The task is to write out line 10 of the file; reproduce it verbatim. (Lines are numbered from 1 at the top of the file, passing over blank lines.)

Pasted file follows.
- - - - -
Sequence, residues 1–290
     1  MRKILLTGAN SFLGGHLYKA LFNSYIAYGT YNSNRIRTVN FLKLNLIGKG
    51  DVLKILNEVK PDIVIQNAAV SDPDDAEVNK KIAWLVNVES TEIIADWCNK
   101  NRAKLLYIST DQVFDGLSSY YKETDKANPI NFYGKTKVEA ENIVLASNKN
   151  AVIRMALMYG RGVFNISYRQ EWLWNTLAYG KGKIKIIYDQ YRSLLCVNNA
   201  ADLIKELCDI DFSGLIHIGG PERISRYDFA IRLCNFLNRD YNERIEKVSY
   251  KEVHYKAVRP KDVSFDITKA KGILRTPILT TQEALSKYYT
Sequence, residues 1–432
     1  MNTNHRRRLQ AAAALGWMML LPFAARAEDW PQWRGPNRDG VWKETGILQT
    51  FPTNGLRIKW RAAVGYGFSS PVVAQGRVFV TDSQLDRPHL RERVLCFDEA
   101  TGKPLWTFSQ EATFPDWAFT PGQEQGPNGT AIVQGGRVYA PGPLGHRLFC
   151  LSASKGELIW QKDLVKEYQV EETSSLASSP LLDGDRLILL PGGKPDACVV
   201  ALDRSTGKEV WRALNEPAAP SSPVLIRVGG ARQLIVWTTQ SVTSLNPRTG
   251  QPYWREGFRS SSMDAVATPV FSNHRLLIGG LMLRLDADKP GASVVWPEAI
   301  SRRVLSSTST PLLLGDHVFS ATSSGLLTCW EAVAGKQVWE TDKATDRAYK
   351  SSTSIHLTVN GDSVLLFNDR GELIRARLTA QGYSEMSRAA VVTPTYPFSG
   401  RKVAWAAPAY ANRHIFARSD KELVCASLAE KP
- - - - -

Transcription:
    51  FPTNGLRIKW RAAVGYGFSS PVVAQGRVFV TDSQLDRPHL RERVLCFDEA